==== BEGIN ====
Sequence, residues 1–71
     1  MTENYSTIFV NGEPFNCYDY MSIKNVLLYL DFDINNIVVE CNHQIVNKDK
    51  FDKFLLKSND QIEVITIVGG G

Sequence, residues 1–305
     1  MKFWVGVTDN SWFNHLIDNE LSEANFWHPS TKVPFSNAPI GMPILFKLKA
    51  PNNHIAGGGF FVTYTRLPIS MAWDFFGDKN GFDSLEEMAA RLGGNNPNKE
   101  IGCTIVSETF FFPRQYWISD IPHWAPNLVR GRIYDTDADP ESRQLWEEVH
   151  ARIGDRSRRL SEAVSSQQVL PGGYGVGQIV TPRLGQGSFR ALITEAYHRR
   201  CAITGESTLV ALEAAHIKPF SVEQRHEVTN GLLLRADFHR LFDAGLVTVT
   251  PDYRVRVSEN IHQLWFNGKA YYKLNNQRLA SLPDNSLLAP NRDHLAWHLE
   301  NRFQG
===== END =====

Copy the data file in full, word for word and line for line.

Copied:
Sequence, residues 1–71
     1  MTENYSTIFV NGEPFNCYDY MSIKNVLLYL DFDINNIVVE CNHQIVNKDK
    51  FDKFLLKSND QIEVITIVGG G

Sequence, residues 1–305
     1  MKFWVGVTDN SWFNHLIDNE LSEANFWHPS TKVPFSNAPI GMPILFKLKA
    51  PNNHIAGGGF FVTYTRLPIS MAWDFFGDKN GFDSLEEMAA RLGGNNPNKE
   101  IGCTIVSETF FFPRQYWISD IPHWAPNLVR GRIYDTDADP ESRQLWEEVH
   151  ARIGDRSRRL SEAVSSQQVL PGGYGVGQIV TPRLGQGSFR ALITEAYHRR
   201  CAITGESTLV ALEAAHIKPF SVEQRHEVTN GLLLRADFHR LFDAGLVTVT
   251  PDYRVRVSEN IHQLWFNGKA YYKLNNQRLA SLPDNSLLAP NRDHLAWHLE
   301  NRFQG